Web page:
• 2.
    Ahmadi, Sareh
    et al.
    KTH, School of Information and Communication Technology (ICT), Materials- and Nano Physics, Material Physics, MF.
    Shariati, M. Nina
    Yu, Shun
    KTH, School of Information and Communication Technology (ICT), Materials- and Nano Physics, Material Physics, MF.
    Göthelid, Mats
    KTH, School of Information and Communication Technology (ICT), Materials- and Nano Physics, Material Physics, MF.
    Molecular layers of ZnPc and FePc on Au(111) surface: Charge transfer and chemical interaction2012In: Journal of Chemical Physics, ISSN 0021-9606, E-ISSN 1089-7690, Vol. 137, no 8, p. 084705-Article in journal (Refereed)
    Abstract [en]

    We have studied zinc phthalocyanine (ZnPc) and iron phthalocyanine (FePc) thick films and monolayers on Au(111) using photoelectron spectroscopy and x-ray absorption spectroscopy. Both molecules are adsorbed flat on the surface at monolayer. ZnPc keeps this orientation in all investigated coverages, whereas FePc molecules stand up in the thick film. The stronger inter-molecular interaction of FePc molecules leads to change of orientation, as well as higher conductivity in FePc layer in comparison with ZnPc, which is reflected in thickness-dependent differences in core-level shifts. Work function changes indicate that both molecules donate charge to Au; through the pi-system. However, the Fe3d derived lowest unoccupied molecular orbital receives charge from the substrate when forming an interface state at the Fermi level. Thus, the central atom plays an important role in mediating the charge, but the charge transfer as a whole is a balance between the two different charge transfer channels; pi-system and the central atom.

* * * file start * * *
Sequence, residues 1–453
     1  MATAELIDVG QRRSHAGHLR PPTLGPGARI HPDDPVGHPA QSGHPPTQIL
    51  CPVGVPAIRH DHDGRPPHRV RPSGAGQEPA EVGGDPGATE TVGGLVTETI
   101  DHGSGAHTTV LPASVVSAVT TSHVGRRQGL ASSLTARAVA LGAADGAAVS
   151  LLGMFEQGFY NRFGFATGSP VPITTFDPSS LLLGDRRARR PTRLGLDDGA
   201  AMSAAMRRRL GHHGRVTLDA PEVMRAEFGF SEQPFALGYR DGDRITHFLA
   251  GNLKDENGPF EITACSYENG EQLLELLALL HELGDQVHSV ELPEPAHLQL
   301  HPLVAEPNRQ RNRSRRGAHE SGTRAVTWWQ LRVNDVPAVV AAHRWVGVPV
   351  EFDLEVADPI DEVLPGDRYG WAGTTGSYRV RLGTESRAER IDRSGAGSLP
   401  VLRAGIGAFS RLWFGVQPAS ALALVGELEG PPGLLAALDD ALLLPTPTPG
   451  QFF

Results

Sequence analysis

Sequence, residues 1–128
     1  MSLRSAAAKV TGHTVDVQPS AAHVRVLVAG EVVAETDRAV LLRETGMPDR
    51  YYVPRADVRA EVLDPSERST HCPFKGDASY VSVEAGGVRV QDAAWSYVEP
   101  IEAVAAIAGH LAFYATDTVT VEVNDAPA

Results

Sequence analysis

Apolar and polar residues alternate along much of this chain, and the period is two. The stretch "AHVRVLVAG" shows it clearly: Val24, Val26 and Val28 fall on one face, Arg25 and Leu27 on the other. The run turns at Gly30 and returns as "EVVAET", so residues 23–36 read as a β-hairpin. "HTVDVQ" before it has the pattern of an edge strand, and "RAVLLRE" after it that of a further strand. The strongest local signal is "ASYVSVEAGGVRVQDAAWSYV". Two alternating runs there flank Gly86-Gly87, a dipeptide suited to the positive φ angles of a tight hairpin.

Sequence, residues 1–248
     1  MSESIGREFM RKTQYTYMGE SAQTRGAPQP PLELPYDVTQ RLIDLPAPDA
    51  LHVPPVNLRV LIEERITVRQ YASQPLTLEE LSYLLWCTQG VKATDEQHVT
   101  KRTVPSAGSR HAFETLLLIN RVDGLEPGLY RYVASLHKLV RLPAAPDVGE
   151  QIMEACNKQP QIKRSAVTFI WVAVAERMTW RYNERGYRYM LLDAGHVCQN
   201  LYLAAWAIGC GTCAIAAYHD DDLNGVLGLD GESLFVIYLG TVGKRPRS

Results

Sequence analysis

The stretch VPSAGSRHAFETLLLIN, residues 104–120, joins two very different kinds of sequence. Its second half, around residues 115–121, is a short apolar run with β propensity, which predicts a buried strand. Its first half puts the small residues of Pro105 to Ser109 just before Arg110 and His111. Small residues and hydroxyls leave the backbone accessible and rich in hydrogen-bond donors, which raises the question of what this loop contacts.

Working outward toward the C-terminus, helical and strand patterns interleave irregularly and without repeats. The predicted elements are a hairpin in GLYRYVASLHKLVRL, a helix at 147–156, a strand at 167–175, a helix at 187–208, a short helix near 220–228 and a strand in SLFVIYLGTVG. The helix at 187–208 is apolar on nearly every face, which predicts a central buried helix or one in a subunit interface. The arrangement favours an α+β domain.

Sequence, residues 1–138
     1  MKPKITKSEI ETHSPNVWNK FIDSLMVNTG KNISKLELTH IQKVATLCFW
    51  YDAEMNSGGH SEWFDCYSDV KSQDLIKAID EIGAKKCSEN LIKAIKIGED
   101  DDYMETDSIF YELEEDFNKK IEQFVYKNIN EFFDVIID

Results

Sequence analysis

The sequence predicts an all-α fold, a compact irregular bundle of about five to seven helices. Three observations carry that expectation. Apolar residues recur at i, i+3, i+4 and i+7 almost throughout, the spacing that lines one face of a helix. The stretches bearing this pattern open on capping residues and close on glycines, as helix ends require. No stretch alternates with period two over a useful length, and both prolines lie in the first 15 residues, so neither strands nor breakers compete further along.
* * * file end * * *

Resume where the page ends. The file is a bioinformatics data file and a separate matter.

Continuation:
• 3.
    Ai, Yue-Jie
    et al.
    KTH, School of Biotechnology (BIO), Theoretical Chemistry (closed 20110512).
    Zhang, Feng